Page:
Lexus would be likely to argue that the ES’s biggest draw card is the fact that it’s only available as a hybrid here in the UK, coming in the form of the ES 300h. It’s based on the same TNGA GA-K architecture as the latest Toyota RAV4 and Camry (whose short-lived tenure as a UK car is now over), meaning there’s a 2.5-litre four-pot up front and it is supplemented by an electric motor for a combined output of 215bhp.
Lexus gave the car a design update in 2022, adding new headlights, some new driver assistance systems and an updated infotainment system. Some suspension revisions were intended to bring greater rigidity to the car’s chassis, and feel to its steering, too.
Around town is where the Lexus is most in its element. Here, its hybrid powertrain is at its smoothest, while the ability to run for brief periods on electricity alone means it achieves decent fuel economy as well.
Does it hold a candle to the likes of BMW, Jaguar or Mercedes in terms of outright desirability or dynamic appeal? Not really. Not even in F Sport trim, which is best avoided. While the ES is comparably comfortable and impressively solid-feeling, it lacks the usability of its German rivals, and its infotainment system is borderline infuriating to operate at times.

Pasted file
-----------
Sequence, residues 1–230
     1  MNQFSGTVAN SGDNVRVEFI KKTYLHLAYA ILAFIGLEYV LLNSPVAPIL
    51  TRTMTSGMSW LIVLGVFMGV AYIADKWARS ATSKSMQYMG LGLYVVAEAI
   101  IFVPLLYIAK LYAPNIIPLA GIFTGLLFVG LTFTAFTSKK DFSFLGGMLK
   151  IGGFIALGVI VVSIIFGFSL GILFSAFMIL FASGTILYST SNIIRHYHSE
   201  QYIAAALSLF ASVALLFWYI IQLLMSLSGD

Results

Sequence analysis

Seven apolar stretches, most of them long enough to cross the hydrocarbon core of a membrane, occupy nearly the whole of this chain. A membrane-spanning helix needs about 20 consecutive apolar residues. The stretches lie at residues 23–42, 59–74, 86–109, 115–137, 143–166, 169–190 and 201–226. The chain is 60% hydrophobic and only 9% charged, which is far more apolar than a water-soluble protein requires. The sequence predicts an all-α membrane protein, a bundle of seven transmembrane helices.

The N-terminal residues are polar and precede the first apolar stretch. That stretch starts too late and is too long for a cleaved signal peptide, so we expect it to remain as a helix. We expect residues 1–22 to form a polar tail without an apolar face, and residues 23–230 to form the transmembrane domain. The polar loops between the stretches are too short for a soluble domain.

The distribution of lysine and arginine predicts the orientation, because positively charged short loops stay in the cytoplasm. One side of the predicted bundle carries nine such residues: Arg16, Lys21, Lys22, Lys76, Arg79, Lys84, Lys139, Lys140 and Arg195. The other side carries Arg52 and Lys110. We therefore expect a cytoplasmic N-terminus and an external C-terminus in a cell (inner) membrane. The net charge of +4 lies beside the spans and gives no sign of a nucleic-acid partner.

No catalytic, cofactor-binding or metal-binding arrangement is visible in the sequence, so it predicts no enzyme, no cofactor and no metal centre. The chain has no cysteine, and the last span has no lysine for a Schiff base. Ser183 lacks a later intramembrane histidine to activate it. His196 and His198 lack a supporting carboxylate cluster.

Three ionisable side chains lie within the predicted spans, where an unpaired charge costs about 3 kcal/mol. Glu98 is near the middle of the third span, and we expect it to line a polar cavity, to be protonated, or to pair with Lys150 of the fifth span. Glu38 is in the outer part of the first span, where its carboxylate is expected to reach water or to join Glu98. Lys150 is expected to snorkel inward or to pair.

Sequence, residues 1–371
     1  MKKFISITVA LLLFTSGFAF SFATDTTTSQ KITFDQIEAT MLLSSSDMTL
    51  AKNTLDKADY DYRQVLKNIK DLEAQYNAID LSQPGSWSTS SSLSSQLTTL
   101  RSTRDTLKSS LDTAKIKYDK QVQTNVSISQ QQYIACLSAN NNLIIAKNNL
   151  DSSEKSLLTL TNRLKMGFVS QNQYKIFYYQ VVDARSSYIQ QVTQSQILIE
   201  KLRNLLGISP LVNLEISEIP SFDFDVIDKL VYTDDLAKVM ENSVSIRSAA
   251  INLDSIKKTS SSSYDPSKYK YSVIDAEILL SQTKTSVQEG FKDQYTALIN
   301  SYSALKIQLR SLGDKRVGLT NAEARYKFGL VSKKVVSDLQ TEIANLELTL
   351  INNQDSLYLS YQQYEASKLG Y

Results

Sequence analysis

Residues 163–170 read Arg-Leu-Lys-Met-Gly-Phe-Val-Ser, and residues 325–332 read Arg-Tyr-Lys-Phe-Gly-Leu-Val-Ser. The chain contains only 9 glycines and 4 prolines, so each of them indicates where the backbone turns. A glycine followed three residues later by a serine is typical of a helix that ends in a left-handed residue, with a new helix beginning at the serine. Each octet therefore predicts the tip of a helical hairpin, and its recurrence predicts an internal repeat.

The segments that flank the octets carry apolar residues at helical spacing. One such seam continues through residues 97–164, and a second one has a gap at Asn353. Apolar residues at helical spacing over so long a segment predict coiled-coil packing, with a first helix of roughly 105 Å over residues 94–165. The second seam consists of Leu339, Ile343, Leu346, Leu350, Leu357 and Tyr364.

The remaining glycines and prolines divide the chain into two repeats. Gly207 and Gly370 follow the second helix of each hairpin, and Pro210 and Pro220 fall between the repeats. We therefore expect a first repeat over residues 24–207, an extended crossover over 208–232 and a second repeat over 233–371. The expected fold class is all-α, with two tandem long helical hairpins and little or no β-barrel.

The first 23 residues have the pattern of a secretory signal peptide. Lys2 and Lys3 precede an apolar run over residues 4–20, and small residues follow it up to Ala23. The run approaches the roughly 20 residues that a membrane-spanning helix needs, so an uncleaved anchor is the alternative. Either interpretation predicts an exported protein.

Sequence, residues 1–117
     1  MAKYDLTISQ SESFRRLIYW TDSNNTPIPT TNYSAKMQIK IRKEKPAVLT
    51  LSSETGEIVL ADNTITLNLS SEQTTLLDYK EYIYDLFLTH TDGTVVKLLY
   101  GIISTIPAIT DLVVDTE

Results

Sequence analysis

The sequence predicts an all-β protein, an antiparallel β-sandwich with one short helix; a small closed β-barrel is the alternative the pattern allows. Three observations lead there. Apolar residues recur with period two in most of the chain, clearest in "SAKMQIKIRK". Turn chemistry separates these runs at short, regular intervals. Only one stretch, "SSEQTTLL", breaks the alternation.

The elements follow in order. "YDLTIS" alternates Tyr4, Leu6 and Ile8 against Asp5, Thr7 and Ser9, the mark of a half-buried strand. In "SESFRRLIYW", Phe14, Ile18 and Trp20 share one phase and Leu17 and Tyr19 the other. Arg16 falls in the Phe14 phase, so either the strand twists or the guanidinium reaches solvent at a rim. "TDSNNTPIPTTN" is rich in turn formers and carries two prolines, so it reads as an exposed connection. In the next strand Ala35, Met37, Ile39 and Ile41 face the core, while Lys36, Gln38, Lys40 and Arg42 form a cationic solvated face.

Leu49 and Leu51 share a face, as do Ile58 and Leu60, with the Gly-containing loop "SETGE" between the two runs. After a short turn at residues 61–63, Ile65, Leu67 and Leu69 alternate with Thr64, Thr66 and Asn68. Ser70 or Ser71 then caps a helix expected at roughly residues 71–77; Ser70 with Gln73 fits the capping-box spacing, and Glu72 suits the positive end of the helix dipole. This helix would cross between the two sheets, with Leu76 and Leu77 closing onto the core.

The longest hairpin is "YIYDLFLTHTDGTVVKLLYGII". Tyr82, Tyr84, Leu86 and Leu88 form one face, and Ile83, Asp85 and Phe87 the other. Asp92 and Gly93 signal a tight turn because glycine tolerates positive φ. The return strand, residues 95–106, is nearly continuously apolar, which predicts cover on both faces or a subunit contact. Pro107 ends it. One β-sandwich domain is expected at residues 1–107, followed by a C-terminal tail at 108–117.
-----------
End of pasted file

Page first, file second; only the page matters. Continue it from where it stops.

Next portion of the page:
Being front driven, the car also lacks the natural rear-drive balance of the likes of the BMW 5 Series and Jaguar XF, and its powertrain doesn’t respond keenly to being worked hard.
9. DS 9
The big, luxurious French limousine returns in the shape of the DS 9, the Stellantis group’s latest bid to force its way in among Germany’s premium-brand elite. Sort of.
In fact, being based on the same model platform that underpins the Peugeot 508, this car isn’t as big as it might be – at least in some respects. Second-row leg room is fairly generous, but for cabin width and boot space, the DS 9 is a little way off mid-sized executive class standards.
The car leads with the material richness and artful flourish of its cabin, to accompany the glitzy flash of its exterior chrome. It was launched in 2021 with a choice of conventional petrol and plug-in hybrid power, but is now only offered as a PHEV. The E-Tense 250 model is the more affordable front-wheel-drive version and the E-Tense 4×4 360 is the twin-motor, four-wheel-drive range-topper, with its 5.6sec 0-62mph sprinting and 39 miles of electric range.